Comment by Dan McKay on January 5, 2010 at 6:36pm
Who pays the increase in taxes? The landowner if he has a lease agreement with first wind would remain on record at city hall as obligated to pay property taxes. First Wind would be assessed an equipment tax on the value of the wind turbines. Current federal laws allow a 5 year depreciation rate on the value of the turbines. How this would affect municipal equipment taxing is a good question.
I would assume the property these turbines are located upon would normally increase in value, much as property subdivided for housing development would. How this increase in property value is determined, I do not know. And who would pick up the tax assessed for this, I do not know.
If the landowner sells his property outright to first wind, then first wind would be responsible for all taxes.
The electricity produced is not taxed. A royalty on electricity produced may be negotiated, but not normally offered by the wind company.

A TIF. Stay away. To the wind company, this is normally called credit enhancement, where they are reimbursed a portion of their tax obligation to help see the project through. Remember, the wind company, with all the federal subsidies and regulatory help from the state is eager to get these machines up. A tax incentive from the town is a bonus to them and a loss of revenue to the other taxpayers in town. A town would better serve itself and it’s taxpayers by demanding full payment of the wind company’s tax obligation and if the people would like a new fire truck, district improvements, or whatever, then a portion of the money from the wind company could be put aside in a reserve account. A bond could be issued for the purpose of an immediate town expenditure with expectations of paying for it with future revenues received from the wind company. TIFs are no good in this situation.
If the wind company goes bankrupt, the town would lose all tax benefits from them. If the wind company has not put aside decommissioning money for removal of the towers or if this money gets tied up in a court proceeding as may happen with investors looking to recoup for losses, then the landowner, if so stated in his lease, would own them, I suppose. If the company goes belly up, and the towers do get removed with decommissioning money, the roads and redistributed earth would remain and require much attention to prevent soil erosion problems.

Hannah Pingree on the Maine expedited wind law

Hannah Pingree - Director of Maine's Office of Innovation and the Future

"Once the committee passed the wind energy bill on to the full House and Senate, lawmakers there didn’t even debate it. They passed it unanimously and with no discussion. House Majority Leader Hannah Pingree, a Democrat from North Haven, says legislators probably didn’t know how many turbines would be constructed in Maine."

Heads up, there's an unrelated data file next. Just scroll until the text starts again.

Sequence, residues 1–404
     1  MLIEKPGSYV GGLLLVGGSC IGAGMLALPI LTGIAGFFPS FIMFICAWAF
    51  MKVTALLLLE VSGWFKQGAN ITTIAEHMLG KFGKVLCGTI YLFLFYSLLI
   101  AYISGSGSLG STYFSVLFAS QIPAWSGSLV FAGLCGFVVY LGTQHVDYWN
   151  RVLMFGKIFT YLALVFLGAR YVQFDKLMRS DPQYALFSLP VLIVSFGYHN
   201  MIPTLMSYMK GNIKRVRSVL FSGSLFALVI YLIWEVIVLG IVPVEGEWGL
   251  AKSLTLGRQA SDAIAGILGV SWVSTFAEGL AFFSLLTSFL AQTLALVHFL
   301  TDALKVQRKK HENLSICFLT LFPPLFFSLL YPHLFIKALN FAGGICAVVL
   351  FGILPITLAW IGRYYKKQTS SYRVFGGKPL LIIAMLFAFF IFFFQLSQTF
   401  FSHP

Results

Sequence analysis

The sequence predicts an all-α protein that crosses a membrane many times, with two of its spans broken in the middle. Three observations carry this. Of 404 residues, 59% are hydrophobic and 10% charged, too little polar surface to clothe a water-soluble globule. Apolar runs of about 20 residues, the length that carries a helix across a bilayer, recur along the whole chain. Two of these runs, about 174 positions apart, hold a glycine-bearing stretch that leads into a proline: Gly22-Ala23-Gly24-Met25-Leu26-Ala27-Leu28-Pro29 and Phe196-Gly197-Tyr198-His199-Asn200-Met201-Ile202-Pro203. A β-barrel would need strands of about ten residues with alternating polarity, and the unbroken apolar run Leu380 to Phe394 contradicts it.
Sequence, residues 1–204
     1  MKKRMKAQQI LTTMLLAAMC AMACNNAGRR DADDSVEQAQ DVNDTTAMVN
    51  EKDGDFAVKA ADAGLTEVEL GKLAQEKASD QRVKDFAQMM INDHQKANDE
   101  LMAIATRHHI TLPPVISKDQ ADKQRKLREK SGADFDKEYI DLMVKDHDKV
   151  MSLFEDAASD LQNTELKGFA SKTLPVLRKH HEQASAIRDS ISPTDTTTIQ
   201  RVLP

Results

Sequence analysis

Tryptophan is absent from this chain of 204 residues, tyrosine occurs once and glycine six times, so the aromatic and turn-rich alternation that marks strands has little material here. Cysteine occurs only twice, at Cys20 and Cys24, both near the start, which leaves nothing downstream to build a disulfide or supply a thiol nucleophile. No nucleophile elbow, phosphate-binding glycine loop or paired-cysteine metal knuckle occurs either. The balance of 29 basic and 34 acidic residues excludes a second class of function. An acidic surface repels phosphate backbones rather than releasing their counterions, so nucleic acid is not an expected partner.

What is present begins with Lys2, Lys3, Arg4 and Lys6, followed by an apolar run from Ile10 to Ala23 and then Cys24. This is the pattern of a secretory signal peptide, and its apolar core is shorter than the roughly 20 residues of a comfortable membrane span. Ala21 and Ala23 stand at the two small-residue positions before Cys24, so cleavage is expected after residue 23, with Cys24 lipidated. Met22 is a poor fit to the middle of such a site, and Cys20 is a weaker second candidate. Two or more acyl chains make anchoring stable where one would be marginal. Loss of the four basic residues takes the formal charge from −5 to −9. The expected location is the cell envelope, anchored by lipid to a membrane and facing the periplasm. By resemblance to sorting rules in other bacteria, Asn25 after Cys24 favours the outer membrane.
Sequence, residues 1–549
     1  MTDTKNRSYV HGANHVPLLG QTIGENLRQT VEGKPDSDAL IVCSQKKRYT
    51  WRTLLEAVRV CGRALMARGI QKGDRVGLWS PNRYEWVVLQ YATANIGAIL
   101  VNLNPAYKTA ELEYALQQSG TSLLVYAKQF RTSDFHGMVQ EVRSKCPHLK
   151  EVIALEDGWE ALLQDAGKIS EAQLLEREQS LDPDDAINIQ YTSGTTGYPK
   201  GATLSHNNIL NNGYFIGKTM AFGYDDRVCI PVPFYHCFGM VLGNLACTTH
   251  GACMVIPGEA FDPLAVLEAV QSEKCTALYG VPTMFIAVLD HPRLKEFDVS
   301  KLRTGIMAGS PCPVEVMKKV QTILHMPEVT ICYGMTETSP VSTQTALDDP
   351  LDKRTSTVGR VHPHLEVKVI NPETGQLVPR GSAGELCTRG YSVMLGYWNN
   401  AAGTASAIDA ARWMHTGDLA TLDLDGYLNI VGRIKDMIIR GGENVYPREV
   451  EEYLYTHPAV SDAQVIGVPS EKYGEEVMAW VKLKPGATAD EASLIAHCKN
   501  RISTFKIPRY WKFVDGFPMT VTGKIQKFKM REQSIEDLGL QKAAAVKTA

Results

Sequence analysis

Maine as Third World Country:

CMP Transmission Rate Skyrockets 19.6% Due to Wind Power


Click here to read how the Maine ratepayer has been sold down the river by the Angus King cabal.

Maine Center For Public Interest Reporting – Three Part Series: A CRITICAL LOOK AT MAINE’S WIND ACT


(excerpts) From Part 1 – On Maine’s Wind Law “Once the committee passed the wind energy bill on to the full House and Senate, lawmakers there didn’t even debate it. They passed it unanimously and with no discussion. House Majority Leader Hannah Pingree, a Democrat from North Haven, says legislators probably didn’t know how many turbines would be constructed in Maine if the law’s goals were met." . – Maine Center for Public Interest Reporting, August 2010 Part 2 – On Wind and Oil Yet using wind energy doesn’t lower dependence on imported foreign oil. That’s because the majority of imported oil in Maine is used for heating and transportation. And switching our dependence from foreign oil to Maine-produced electricity isn’t likely to happen very soon, says Bartlett. “Right now, people can’t switch to electric cars and heating – if they did, we’d be in trouble.” So was one of the fundamental premises of the task force false, or at least misleading?" Part 3 – On Wind-Required New Transmission Lines Finally, the building of enormous, high-voltage transmission lines that the regional electricity system operator says are required to move substantial amounts of wind power to markets south of Maine was never even discussed by the task force – an omission that Mills said will come to haunt the state.“If you try to put 2,500 or 3,000 megawatts in northern or eastern Maine – oh, my god, try to build the transmission!” said Mills. “It’s not just the towers, it’s the lines – that’s when I begin to think that the goal is a little farfetched.”